Salazar, A.,Haggerty, P., Walsh, S., Noell, B & Kelley-Siel, E. (2019). Adapting the Friends of the Children programme for child welfare system‐involved families, Child & Family Social Work. doi:10.1111/cfs.12622
Summarized by Rachel Thompson
Notes of Interest: This study highlighted the importance of paid mentors in providing crucial long-term relationships, for both foster care children and their caregivers. The mentoring relationship provided a path for promoting family stability, permanence, and child well=being by providing more comprehensive support to the ones involved. Many caregivers spoke about the desire for mentors to spend more time with their youth, the caregivers and teachers. Participants identified the consistency and continuity of the mentoring (Friend) relationship as a critical aspect of the FOTC model.
Introduction (Reprinted from the Abstract)
Research has shown the importance of long‐term, caring adults for children in foster care. This paper reviews the Friends of the Children (FOTC) long‐term mentoring programme and how it was adapted to serve children and families with child welfare system involvement. This study’s two research questions are (1) How do Friends (FOTC’s paid professional mentors) currently work with, and in turn, have an impact on, child welfare‐involved families? and (2) How can Friends better support child welfare system‐involved caregivers and families to promote family stability, permanence, and child well‐being? Data were collected from 21 caregivers (foster and biological), 24 FOTC Friends, five child welfare workers, and five teachers. Qualitative analyses of focus group, interview, and open‐ended survey data revealed a wide variety of ways Friends currently support children and families. In addition, several recommendations were made for strengthening programming. These findings provide valuable insights into providing long‐term mentoring to child welfare system‐involved children and families.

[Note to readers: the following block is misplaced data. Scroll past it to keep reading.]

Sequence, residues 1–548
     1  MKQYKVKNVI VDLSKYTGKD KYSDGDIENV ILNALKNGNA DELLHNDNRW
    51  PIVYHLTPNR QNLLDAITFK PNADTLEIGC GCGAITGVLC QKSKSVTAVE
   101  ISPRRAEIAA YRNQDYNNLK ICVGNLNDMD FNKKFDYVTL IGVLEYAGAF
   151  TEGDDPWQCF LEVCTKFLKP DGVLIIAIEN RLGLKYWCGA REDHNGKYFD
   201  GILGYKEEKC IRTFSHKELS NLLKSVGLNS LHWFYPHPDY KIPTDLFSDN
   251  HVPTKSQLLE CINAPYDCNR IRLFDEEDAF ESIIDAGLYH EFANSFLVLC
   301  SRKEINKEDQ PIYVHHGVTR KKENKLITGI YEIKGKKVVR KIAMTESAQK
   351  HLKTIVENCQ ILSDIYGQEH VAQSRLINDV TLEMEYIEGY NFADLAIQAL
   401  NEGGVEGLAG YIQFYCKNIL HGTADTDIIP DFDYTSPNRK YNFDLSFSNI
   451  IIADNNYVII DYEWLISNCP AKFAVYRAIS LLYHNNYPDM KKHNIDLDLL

Implications (Reprinted from the Discussion)
Many similar themes emerged in response to both research questions—for example, findings regarding ways Friends both excel at and could improve upon providing consistency and continuity to families. These seemingly contradictory findings likely arose due to feedback from caregivers who had varying experiences with their children’s Friends. A valuable next step for FOTC could thus be to explore how to bring more consistency to the work that Friends are doing with these high‐needs families, potentially through more structured expectations about their interactions.
Although this study focuses on FOTC and how it can be improved to better serve child welfare system‐involved children and families, the findings contain many valuable insights that could be helpful for other mentoring programmes or therapeutic settings interested in serving this population. The recommendations collected in this study and reported in Tables 4 and 5 offer several clear possibilities for next steps for both FOTC and for other foster youth‐serving programmes. These recommendations could be particularly helpful for programmes aiming to provide more holistic family support within the mentoring context. Of course, although feedback from caregivers and Friends underscores the strong potential of long‐term mentoring for highly vulnerable youth in foster care, a critical next step remains subjecting this model to rigorous evaluation.
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